Sexual harassment is typically associated with illegal sex-based conduct, such as unwelcome sexual advances or unlawful touching, but unwanted attention may also constitute harassment. What may seem like a joke to one person may create a hostile work environment for another. If unwanted attention harassment has impacted your work life, you need an experienced sexual harassment attorney at your side.
At Castronovo & McKinney, our practice is dedicated to helping workers throughout New Jersey fight back against harassment in all its forms. When you consult with us, we will help you understand the line between unwanted attention and harassment, explore all your options, and work to protect your employment rights. Contact our Morristown or Manhattan office today to get started.
When Unwanted Attention Becomes Sexual Harassment
It is important to understand what situations are considered harassment and to know the difference between unwanted attention and harassment. An isolated incident or an offhand remark may not rise to the level of harassment unless it is severe enough to cause damages. For an action or behavior to be deemed harassment, it must be persistent and severe enough to interfere with your job performance or create a hostile work environment.
According to the Equal Employment Opportunity Commission (EEOC), unwanted attention harassment occurs when behavior is subjectively unwelcome and objectively severe and pervasive enough to make a reasonable person see the workplace environment as hostile or abusive. Examples of unwanted attention that may be deemed harassment include:
- Repeated and unwanted communication via phone, email, text, or social media
- Repeatedly asking someone out on a date when the person has already said no
- Making targeted and repeated jokes that are offensive in nature
- Sending or leaving unwanted gifts
- Commenting on someone’s physical appearance or abilities
- Excluding someone from discussions and decisions
- Unwanted touching of any kind — even seemingly innocent touching like putting an arm around one’s shoulder or a pat on the back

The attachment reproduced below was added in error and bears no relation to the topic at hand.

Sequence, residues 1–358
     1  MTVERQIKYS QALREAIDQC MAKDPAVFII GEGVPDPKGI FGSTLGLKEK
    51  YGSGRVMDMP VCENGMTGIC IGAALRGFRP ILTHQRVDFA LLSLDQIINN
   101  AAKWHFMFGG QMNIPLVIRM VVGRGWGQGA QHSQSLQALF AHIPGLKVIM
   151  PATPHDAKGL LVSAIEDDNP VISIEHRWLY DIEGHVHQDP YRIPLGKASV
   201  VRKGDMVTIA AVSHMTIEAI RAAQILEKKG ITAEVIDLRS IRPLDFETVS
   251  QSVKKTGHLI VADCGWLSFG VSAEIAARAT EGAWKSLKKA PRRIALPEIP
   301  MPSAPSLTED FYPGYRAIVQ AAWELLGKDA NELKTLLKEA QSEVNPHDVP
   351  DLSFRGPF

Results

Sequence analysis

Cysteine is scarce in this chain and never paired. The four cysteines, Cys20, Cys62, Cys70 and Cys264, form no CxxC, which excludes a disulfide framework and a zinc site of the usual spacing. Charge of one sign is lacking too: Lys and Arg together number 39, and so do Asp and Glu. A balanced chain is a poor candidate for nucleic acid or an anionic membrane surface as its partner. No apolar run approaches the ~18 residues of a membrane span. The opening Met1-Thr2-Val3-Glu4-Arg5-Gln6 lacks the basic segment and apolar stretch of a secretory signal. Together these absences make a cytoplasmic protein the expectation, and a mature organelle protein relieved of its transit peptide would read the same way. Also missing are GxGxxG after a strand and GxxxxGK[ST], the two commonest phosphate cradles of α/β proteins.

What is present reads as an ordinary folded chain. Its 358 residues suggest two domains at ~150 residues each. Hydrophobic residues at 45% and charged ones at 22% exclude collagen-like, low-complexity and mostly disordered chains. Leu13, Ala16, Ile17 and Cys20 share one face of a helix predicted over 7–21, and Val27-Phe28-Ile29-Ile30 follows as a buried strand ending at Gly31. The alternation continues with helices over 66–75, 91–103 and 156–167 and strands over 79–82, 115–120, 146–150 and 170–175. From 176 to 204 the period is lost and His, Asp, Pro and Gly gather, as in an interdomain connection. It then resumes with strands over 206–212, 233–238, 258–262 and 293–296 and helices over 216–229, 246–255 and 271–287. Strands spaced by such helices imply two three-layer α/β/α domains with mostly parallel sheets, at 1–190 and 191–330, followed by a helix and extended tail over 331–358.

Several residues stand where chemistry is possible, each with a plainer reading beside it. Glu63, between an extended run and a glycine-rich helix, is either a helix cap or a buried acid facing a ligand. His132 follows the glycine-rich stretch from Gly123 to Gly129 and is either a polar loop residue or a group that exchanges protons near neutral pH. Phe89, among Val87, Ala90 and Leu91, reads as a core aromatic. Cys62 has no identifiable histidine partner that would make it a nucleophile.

Moreover, the EEOC considers harassment to be an unlawful form of discrimination under federal equal employment opportunity laws, including Title VII of the Civil Rights Act of 1964, the Americans with Disabilities Act, and the Age Discrimination in Employment Act. This means that unwanted attention harassment is not limited to sex-based conduct but also includes harassment based on protected characteristics such as:
- National origin
- Age (40 or older)
- Sexual orientation
- Gender identity/expression
- Genetic information
In addition to federal law, workers in New Jersey have legal protection under the Law Against Discrimination, which covers all employers and allows harassment victims to file a lawsuit without filing an administrative complaint first. In any event, unwanted attention harassment is unlawful if it is a condition of employment or creates an intimidating, hostile, or offensive work environment to a reasonable person.
Avoiding Unwanted Attention at Work
If an employer, manager, coworker, or customer’s unwanted attention is making you uncomfortable, there are steps you can take to protect yourself. First, inform that person his or her attention is unwanted, offensive, and needs to stop. It is also important to document the incidents, including dates, times, and comments.
You should also notify your supervisor or human resources personnel about unwanted attention harassment because an employer that knows or reasonably should have known about harassment can be held liable. It is important to know that your employer cannot retaliate against you for complaining about sexual harassment and can be held liable for taking adverse employment action against you, such as termination, demotion, or reassignment.
If your employer fails to stop the harassment, our employment lawyers can help. When you become our client, we will:
- Conduct an investigation
- Interview witnesses and collect evidence (emails, personnel records)\
- Handle all communications with your employer and their attorneys
- Negotiate a fair and reasonable settlement
- File a sexual harassment lawsuit if necessary
While many unwanted attention harassment claims can be resolved outside of court, we are always ready to litigate to achieve the best possible outcome. Although no two cases are the same, you may be able to recover damages such as lost wages and benefits, compensatory and liquidated damages, as well as attorneys’ fees ad costs.
Representing Unwanted Attention Harassment Victims in New Jersey
If you’ve experienced unwanted attention harassment in the workplace, you may not know what to do about it. The best way to protect your rights is to work with the experienced employment lawyers at Castronovo & McKinney. We have a proven history of achieving positive outcomes through negotiation and litigation and will fight to protect your rights in and out of the courtroom. Contact our office today to schedule a consultation.
Castronovo & McKinney, LLC helps clients with their sexual harassment claims throughout New Jersey including Bergen County, Essex County, Middlesex County, and Morristown County as well as the cities Hackensack, Newark, New Brunswick, and Morristown.